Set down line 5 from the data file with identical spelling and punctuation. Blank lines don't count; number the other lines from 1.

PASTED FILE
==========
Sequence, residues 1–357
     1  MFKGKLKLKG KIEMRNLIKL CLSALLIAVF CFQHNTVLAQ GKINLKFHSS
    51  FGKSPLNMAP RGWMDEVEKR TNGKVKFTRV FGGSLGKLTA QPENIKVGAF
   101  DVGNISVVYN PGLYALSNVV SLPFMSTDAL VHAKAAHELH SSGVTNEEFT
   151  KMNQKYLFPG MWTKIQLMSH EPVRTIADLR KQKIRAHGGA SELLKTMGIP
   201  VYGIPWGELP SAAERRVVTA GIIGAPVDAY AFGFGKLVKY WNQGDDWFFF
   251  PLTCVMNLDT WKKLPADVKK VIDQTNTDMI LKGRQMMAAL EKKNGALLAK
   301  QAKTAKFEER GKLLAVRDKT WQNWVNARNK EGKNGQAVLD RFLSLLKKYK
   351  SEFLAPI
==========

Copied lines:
   151  KMNQKYLFPG MWTKIQLMSH EPVRTIADLR KQKIRAHGGA SELLKTMGIP